Automotive manufacturers such as Tesla, BMW and Mercedes-Benz are already introducing increasingly connected and autonomous vehicles (CAVs). From sensors and cameras to artificial intelligence and deep learning, CAVs could revolutionise the driving experience. Catapult Transport Systems in the UK fosters a wide range of CAV-related collaborative projects from parking and collision avoidance to user-centred projects and ageing populations. Many other organisations are working on similar projects around the globe too.
We’ve certainly come a long way in the history of vehicle automation which the UK road safety charity Brake dates back to the 1950s/60s when the UK Transport Research Laboratory used ‘self-driving’ cars on its test track. Or the Stanford Cart which was built in 1961, as mentioned on Wired, showing just how far we’ve come!
There’s no denying that these developments are exciting, especially from a technological standpoint. But as with every shift of this nature, we need to look at the bigger picture including societal changes and importantly the impact on sustainable urban mobility planning. The question is: are our cities ready for automation? And are we ready too?
Considering the impacts
This is a multifaceted issue – and one where we need to consider carefully the effects on urban environments and citizens. There are many implications that we simply can’t ignore, such as:
Planning and regulation
How will these vehicles interact with the built environment? Will the city infrastructure require automation such as road sensors to communicate with the vehicles? If so, what exactly is needed and how will it be funded? What regulations should be put in place? Many questions need answering to ensure the planned introduction of CAVs into cities – along with best practice to ensure they remain compliant. In addition, much thought needs to be given to public transport to avoid the cannibalisation of mass shared transport and to ensure that active travel isn’t discouraged in the process too.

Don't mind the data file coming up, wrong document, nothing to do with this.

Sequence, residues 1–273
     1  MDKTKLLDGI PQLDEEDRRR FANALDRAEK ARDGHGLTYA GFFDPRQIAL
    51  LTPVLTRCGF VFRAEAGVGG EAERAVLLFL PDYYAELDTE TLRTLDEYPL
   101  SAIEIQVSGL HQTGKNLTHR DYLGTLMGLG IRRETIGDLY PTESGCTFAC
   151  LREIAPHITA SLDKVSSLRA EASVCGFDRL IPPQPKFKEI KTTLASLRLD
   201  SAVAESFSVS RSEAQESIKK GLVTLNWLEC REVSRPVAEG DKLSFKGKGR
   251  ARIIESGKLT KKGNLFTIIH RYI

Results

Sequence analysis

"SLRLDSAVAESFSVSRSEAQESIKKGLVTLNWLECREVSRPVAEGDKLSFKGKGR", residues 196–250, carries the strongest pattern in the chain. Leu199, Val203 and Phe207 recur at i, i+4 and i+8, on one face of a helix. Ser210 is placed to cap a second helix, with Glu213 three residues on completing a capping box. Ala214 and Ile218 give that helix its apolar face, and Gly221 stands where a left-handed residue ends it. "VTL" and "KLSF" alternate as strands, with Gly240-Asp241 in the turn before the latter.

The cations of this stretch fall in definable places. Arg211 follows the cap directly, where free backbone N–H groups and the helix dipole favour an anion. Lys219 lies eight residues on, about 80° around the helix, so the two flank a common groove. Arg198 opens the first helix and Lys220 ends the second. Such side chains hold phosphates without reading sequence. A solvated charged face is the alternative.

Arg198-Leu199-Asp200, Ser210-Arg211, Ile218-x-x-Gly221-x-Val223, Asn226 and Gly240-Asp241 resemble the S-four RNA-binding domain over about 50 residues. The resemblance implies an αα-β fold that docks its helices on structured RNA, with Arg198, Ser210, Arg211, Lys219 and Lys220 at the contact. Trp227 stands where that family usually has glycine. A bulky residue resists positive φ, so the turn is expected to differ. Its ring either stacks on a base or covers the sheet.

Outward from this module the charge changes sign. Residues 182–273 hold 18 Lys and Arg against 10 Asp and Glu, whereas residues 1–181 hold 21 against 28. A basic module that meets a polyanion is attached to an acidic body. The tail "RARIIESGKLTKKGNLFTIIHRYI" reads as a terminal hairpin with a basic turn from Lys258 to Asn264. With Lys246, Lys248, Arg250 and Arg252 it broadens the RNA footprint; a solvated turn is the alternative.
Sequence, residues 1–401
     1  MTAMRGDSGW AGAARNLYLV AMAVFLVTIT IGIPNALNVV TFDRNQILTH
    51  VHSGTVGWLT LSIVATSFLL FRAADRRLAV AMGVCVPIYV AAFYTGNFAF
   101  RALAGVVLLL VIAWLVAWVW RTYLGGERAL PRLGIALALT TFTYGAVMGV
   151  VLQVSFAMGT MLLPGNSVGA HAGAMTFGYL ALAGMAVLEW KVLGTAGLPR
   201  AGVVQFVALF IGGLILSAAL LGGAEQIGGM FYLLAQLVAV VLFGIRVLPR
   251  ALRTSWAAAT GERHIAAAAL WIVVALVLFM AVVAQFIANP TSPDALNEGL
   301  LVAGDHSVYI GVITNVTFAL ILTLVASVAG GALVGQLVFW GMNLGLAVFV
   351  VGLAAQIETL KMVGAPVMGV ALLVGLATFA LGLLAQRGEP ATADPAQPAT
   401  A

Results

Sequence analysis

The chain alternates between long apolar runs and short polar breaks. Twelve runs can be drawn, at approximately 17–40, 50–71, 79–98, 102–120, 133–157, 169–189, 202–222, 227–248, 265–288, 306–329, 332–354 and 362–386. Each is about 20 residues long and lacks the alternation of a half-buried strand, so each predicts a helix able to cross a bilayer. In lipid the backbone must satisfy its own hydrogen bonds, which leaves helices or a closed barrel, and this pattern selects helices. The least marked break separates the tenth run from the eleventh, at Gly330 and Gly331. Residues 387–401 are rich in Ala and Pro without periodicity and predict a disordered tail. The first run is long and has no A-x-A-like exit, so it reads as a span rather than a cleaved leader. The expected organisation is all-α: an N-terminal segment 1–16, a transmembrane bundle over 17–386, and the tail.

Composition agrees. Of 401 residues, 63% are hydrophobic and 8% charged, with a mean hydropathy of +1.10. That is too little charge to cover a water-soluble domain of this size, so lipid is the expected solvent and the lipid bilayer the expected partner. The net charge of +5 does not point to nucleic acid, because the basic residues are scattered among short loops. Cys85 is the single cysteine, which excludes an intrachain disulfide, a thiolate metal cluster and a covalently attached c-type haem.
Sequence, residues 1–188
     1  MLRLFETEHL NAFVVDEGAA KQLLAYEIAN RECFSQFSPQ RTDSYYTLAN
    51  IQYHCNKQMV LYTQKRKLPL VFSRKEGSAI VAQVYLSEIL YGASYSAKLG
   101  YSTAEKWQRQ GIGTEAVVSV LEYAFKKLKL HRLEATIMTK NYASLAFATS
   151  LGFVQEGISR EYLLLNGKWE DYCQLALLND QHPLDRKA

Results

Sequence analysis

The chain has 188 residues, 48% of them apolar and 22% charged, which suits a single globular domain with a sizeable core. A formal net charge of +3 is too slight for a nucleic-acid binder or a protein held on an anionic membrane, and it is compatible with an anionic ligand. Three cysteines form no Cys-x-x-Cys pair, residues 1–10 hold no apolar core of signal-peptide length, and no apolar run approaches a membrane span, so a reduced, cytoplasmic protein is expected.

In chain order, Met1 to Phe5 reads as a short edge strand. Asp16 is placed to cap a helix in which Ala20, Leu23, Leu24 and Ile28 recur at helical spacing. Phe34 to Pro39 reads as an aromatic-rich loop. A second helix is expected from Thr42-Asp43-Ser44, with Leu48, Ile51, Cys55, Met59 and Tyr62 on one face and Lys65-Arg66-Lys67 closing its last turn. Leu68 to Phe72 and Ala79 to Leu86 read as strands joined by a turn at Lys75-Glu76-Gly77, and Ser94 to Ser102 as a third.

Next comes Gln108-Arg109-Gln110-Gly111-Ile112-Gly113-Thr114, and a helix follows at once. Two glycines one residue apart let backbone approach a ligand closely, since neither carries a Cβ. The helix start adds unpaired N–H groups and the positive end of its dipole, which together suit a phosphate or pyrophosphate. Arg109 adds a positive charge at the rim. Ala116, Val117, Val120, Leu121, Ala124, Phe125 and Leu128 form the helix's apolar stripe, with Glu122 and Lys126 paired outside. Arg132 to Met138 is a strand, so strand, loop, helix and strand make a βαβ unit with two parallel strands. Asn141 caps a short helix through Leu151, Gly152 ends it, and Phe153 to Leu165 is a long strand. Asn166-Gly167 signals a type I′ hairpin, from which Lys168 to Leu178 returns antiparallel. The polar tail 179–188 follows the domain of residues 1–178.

We have to remember that CAVs will need to “respond” in the moment to people, animals, inanimate objects, other autonomous transport and, of course, individuals driving vehicles. Can CAVs detect the magnitude of such varying situations? What happens if there’s a malfunction? Could the vehicle do something unexpected such as misinterpreting a road layout without markings? And not forgetting that we could be dealing with different degrees of automation (as outlined by the SAE) which also need to be taken into consideration. Coupled with all of this is liability – if there’s an accident who is to blame?
CAVs could make our city log jams even worse with more single or low occupancy journeys. Taking the car with you on a night out is more appealing when no one has to drive. It could also encourage more journeys overall – and longer journeys too – as people could turn their attention to other activities during travel. It’s also unclear what might happen in terms of parking; whether the car would go back to its home base, park up or drive around until the ‘passengers’ are ready to be picked up again.